Fiction & Drama

Marion Todd: Making the most of the writing community


In his Nobel Prize banquet speech in 1954, the great Ernest Hemingway stated, ‘Writing, at its best, is a lonely life.’

But is this necessarily so? While it may have been the case for Mr Hemingway and his contemporaries, the advent of digital communication has led to the development and growth of a network that has become known as the writing community.

My first encounter with this happy band was in September 2015 when I tentatively booked myself into a writing masterclass at the Scottish crime writing festival Bloody Scotland.

The day-long event was opened by award winning author Denise Mina who, in her keynote address, reminded attendees that books did not write themselves. She exhorted us (in the strongest possible terms) to sit down and write our novels!

I left Bloody Scotland newly inspired and began developing what was to become my first crime novel. Some months later I attended an event hosted by the University of Dundee and it was this which truly set me on the path to publication.

In addition to presentations from industry professionals, three graduates from the university’s MLitt in Creative Writing spoke about their craft and, when the interval came, I sought them out. They were happy to chat and I was taken aback when one of them volunteered to read the first three chapters of my novel. The feedback she later gave helped me tailor my work to give it commercial appeal, leading ultimately to a publishing contract. Three books on, I still recall how generous that writer was with her time and talents.

There was a friendliness here which I came to realise was entirely typical of the writing community. Was it possible I could become one of their number?

I joined the Crime Fiction Reading Group at my local branch of Waterstones and, as I sat in the corner of the bookstore each month, listening to authors discussing their novels with the group members, I could be forgiven for thinking I had died and gone to heaven. More than that, I had a ringside seat at monthly exchanges between authors and readers which taught me so much about what made a successful novel. It was a wonderful opportunity for any writer and I mined it shamelessly.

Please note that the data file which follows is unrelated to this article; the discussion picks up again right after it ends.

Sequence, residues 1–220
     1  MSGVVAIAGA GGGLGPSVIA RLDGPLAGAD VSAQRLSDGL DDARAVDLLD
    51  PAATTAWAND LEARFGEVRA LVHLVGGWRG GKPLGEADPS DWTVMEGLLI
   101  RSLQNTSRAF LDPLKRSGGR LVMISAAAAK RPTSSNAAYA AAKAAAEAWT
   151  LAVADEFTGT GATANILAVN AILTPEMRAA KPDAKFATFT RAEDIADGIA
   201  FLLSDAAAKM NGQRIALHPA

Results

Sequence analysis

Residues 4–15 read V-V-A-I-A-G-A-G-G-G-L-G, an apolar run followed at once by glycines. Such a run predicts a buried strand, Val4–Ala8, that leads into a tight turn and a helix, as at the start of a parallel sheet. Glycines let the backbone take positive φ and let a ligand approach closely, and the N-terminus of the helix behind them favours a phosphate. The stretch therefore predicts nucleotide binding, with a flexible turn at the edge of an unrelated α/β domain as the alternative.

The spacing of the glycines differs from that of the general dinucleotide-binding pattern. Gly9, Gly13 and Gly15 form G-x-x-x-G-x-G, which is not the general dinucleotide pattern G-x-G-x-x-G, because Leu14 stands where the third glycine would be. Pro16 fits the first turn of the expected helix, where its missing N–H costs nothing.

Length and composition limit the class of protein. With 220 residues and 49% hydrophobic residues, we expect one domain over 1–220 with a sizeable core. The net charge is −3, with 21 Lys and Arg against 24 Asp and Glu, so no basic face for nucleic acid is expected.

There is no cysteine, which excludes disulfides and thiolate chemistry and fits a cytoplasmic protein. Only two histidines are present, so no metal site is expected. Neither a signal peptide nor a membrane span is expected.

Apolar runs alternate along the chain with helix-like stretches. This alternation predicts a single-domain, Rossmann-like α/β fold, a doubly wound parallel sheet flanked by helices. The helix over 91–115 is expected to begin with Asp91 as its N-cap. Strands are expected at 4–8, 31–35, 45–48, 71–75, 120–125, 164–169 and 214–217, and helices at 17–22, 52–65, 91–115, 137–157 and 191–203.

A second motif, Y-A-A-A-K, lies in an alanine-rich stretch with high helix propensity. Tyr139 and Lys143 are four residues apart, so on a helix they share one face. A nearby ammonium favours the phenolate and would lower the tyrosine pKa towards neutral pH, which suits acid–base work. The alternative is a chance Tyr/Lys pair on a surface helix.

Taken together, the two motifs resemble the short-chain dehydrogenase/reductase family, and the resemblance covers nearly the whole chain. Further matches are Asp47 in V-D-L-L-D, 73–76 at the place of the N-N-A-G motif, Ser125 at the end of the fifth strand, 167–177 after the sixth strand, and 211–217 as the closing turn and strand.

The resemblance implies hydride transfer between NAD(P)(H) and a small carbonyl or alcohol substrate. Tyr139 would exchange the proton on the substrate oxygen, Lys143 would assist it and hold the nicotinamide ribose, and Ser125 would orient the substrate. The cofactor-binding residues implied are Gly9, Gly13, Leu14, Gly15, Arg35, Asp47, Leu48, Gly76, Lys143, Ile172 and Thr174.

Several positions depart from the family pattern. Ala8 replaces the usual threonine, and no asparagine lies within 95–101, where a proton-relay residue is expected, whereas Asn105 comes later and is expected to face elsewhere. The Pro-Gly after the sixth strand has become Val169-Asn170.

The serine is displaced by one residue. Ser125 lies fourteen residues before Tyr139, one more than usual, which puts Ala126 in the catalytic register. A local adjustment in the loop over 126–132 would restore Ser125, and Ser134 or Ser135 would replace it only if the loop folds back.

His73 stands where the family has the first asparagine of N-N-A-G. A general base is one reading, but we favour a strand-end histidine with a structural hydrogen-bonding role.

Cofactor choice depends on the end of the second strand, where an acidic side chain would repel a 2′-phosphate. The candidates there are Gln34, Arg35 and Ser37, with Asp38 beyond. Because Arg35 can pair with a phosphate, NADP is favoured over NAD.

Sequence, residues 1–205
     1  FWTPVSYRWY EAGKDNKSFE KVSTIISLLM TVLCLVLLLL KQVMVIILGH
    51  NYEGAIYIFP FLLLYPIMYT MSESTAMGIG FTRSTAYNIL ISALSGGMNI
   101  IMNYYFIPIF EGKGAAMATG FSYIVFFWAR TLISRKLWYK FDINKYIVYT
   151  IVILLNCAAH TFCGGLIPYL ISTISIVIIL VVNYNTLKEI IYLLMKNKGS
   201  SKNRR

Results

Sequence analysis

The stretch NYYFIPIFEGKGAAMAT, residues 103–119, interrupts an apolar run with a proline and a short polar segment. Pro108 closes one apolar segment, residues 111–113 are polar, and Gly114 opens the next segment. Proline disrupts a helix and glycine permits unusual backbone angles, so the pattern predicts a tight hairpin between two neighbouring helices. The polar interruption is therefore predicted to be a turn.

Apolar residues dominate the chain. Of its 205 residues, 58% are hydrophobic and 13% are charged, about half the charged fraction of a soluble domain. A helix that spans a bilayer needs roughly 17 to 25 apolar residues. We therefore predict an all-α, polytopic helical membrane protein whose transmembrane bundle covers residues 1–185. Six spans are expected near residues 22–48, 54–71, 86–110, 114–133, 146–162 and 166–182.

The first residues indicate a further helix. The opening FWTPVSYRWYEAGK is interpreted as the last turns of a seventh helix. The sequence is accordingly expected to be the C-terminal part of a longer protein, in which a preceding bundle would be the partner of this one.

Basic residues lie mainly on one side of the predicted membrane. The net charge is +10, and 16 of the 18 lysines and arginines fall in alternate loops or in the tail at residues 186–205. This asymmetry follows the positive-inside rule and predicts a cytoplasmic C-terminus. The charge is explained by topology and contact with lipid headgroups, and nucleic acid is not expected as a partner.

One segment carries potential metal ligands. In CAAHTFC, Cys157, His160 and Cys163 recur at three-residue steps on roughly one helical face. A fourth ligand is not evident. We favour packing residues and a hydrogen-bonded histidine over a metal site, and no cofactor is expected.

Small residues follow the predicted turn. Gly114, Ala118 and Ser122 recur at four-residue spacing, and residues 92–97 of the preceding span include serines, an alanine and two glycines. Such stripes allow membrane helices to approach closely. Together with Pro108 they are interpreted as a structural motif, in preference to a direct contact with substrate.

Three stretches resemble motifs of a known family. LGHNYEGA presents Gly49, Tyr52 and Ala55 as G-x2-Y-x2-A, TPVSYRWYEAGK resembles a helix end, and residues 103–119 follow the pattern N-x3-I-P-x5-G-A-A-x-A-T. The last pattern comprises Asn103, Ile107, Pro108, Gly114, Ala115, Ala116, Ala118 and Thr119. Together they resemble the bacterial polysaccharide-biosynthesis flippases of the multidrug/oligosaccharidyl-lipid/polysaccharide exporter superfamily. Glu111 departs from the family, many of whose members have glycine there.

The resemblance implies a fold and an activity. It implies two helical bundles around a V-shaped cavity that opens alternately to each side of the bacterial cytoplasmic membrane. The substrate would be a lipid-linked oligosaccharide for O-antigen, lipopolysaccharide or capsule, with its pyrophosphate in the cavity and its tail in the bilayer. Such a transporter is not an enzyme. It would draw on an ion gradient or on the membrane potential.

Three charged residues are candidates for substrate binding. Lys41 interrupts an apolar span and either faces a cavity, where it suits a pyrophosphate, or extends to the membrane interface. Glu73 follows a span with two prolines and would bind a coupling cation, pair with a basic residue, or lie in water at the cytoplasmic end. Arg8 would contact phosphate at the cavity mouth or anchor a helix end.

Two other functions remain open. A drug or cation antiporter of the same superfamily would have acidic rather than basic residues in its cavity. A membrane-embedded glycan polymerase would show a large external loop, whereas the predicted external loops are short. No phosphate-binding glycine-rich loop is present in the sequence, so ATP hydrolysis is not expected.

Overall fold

I attended promotional events where authors spoke about their writing, and gradually I began to feel part of the crime writing community. I engaged with others on Twitter, using the hashtag #WritingCommunity. I followed agents and publishers, learning more from their tweets than from hours spent leafing through the pages of the Writers and Artists Yearbook.

I discovered the crime writer Will Dean and found my way to his YouTube channel: Will Dean – Forest Author. His videos on every aspect of the publishing process were highly entertaining and full of invaluable advice.

And there was more. Editors who were too busy to undertake paid editing work would happily chat by phone or email, giving their advice freely, while fellow writers offered face-to-face support. I happened to Tweet one day that I was interested in Scrivener software. A few days later I was sitting in a café next to a writer I had not previously met, watching as she demonstrated how she used the program on her laptop. Where else, I wonder, would the people with whom you are in direct competition bend over backwards to give you a leg up?

The writing community is there for writers in every genre and its reach is worldwide. There is help and advice for all stages of the writing process and a sense of inclusiveness for even the most timid aspiring author.

But it is down to you, the writer, to seek it out. The reality is that no one will come knocking on your door, inviting you to write and submit a novel. No one will send you tickets to literary events or even tell you they are happening. You have to take a proactive approach. Find the events, find the book clubs and find your way to Twitter and Instagram. And, when you do, you will find a warm and welcoming community which, contrary to Mr Hemingway’s words, truly enriches and enhances the life and work of all who embrace it.

Marion Todd is s crime writer and author of the DI Clare Mackay series, published by Canelo.

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